Nationals Baseball: Who should be the closer?

Wednesday, March 22, 2017

Who should be the closer?

Shawn Kelley

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Shawn Kelley is the best, most proven reliever the Nats have. His K/9 is fantastic (over 11.5 over the past 4 seasons). His BB/9 has moved steadily down from a "uh-oh one of these guys" 3.88 to 3.48 to 2.63 to a "did somebody say elite?" 1.71. His HR/FB is perfectly reasonable.  His percentage of hard hit balls is not high. His LD% is low. 

Blake Treinen is a GB specialist.  Over 65% last year and never under 59% in the majors. Along with the groundball inducing good sinker comes a lot of mediocre contact (Hard% on the low side). However, he  doesn't strike out nearly as many (K/9 around 8.5 over past 2 years), and walks way too many (over 4.00). Plus his HR/FB is higher (though not terrible). With not too much bad luck a Treinen outing can go horribly wrong.

Koda Glover is an unknown. In the minors he has great stuff (K/9 of 10.6 in upper minors) and very good control for his age and that stuff (2.2 BB/9).  He seemed to be unhittable as well, having a hits per 9 of under 7 across every level since being in the Nats organization*. There's also less than 100IP total for Koda and he hasn't pitched more than 24 innings at any level. That means there has never been time for the level to adjust to him. He also seemed to have issues pitching with men on - showing a horrible LOB% and allowing 2 of 6 inherited runners to score. Small sample size? Almost certainly. However it highlights that Glover is an unknown more than anything.

In short, guys don't hit Kelley well, they don't get on base against him, and if he needs to he can strike them out. Guys hit Treinen terribly, but they can get on base against him, and he can't necessarily dial up the big strikeout. Guys hit Glover worst of all, they don't usually get on base against him, and he can strike them out as well, but these "guys" are almost all minor leaguers.

So Shawn Kelly is objectively most likely to give you the best major league results.  By the whole "closers are stupid" philosophy, shouldn't he NOT be pitching in the ninth? Sure. If this were a perfect world. I'll give you a moment to check on that.

...

Not perfect, huh? You see if Shawn Kelley isn't the closer then he'll be tied to some other role, likely 8th inning guy so what exactly does it matter where he is in this stupid one-set inning food chain? If Dusty were going to break with tradition and use him all over the place then maybe I'd say don't use him as closer but I don't have faith in that. Therefore - might as well give him the inning that's most likely to find itself with high leverage situations.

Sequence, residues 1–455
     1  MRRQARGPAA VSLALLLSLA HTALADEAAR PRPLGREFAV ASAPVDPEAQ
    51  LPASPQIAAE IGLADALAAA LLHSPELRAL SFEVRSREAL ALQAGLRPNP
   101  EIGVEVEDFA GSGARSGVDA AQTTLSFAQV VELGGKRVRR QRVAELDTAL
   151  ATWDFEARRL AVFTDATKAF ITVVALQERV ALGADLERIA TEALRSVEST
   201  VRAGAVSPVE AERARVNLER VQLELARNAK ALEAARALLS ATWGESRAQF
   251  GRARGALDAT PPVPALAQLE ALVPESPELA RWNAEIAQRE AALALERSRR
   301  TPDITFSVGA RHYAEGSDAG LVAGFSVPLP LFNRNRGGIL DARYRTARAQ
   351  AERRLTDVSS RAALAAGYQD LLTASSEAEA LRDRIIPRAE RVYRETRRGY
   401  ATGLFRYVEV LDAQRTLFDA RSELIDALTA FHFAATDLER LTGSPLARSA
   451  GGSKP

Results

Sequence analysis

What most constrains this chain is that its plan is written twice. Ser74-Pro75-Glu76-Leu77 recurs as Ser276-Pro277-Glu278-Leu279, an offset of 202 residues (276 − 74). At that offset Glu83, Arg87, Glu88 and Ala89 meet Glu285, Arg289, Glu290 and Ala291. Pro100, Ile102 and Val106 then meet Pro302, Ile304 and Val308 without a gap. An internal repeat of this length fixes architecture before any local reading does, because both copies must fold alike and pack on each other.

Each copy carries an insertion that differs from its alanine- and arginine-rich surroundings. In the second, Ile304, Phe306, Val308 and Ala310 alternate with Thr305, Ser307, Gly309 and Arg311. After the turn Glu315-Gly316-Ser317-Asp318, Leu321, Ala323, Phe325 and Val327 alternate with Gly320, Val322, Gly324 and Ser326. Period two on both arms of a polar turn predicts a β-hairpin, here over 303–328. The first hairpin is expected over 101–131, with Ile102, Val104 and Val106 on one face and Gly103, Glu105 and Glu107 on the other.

Another benefit of Kelley the closer - limited innings. Kelley doesn't have any flaws when he can get the ball from the mound to the catcher, but his career is already filled with injuries and last year ended with a dead arm in a playoff game. Closers, because they are used very specifically, pitch fewer innings than even the 7th/8th inning types who are more frequently called on to get an extra out or pitch in closer or tied games. It's possibly smart to limit his innings and sticking him in this role may serve that purpose, if secondarily.


*Kelley and Treinen were both this low last year, too. But historically have been higher so there's more a chance of them being a little easier to hit.

17 comments:

Ole PBN said...

My thoughts exactly - Kelley is the man for the job. If an injury arises, we'll see how the season goes, but I've always like what I've seen from Glover.

Dusty's Toothpick said...

The way Dusty is using Koda Glover in S.T. points to him being the closer. As much as I like seeing Kelley on the mound I feel like Glover has that Chapman/ closer aura about him, I mean he pretty much has the Wild Thing haircut too. 7- Treinen 8 - Kelley 9 - Glover seems rather tasty if they can make their pitches.

Chas R said...

This makes the most sense and pretty much what I thought all along. I do think they should keep Glover in the bullpen rather than send him to AAA. We have seen hat he can do int he minors, let's see if he can have some consistency in the bigs before we put him in the 9th inning.

Fries said...

@ Dusty's Toothpick

I think Dusty's using Glover that way right now because he wants to get a feel for the kid (like Harper said, limited exposure at any level so far) whereas he knows what he's getting with Kelley and Treinen. Granted you've been chilling in his mouth, so you can hear his mutterings better than the rest of us

G Cracka X said...

I'm a bit concerned about the batted ball profile. While many other stats look good, Mr. Kelley ranked 93rd out of 130 relievers with at least 50IP in Lowest Hard Contact%, and 108th among the same group in Highest Soft Contact%.

Bjd1207 said...

I think you glossed over the injury/dead-arm stuff WAYYY to quickly Harper. Sure the innings totals at the end of the season for closers may be less, but they also have the most regular back to back usage (not researched at all, completely gut/analytical).

Basically if Kelley closes out a win in game 2 of a series, will he be ready for a save situation in game 3? If not, I don't know why you would put that guy in a full time closer role. If you want him there for as many opportunities as possible, then you MUST accept a less conventional bullpen structure where you have someone regularly closing games when Kelley's not available. A "backup closer" of sorts

Josh Higham said...

Bjd has a point here. Looking over last year's game log, I only see one stretch where he pitched 3 days in a row (4 of 5 in the same stretch). May 5-8 against the Cubs (5-10 and also the Tigers for the five day stretch). But, notably, only 2 IP in those three games (0.1, 1.0, 0.2). A handful of 3 appearances in 4 days, usually with one of those being a single out. So last year at least, he didn't give us much reason to believe he could handle that deadly 3-days-in-a-row closer thing.